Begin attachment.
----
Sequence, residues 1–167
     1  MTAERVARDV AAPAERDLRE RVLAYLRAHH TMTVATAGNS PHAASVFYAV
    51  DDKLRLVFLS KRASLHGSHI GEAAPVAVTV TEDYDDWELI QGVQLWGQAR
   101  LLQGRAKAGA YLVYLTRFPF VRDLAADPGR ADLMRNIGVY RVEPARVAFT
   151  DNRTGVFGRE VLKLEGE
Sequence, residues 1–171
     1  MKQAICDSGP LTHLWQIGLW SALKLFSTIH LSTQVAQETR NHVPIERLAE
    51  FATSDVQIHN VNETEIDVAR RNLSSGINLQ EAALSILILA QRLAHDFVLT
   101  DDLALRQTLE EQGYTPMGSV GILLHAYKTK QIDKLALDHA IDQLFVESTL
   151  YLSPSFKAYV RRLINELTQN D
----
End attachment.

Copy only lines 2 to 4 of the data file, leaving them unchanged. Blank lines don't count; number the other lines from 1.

     1  MTAERVARDV AAPAERDLRE RVLAYLRAHH TMTVATAGNS PHAASVFYAV
    51  DDKLRLVFLS KRASLHGSHI GEAAPVAVTV TEDYDDWELI QGVQLWGQAR
   101  LLQGRAKAGA YLVYLTRFPF VRDLAADPGR ADLMRNIGVY RVEPARVAFT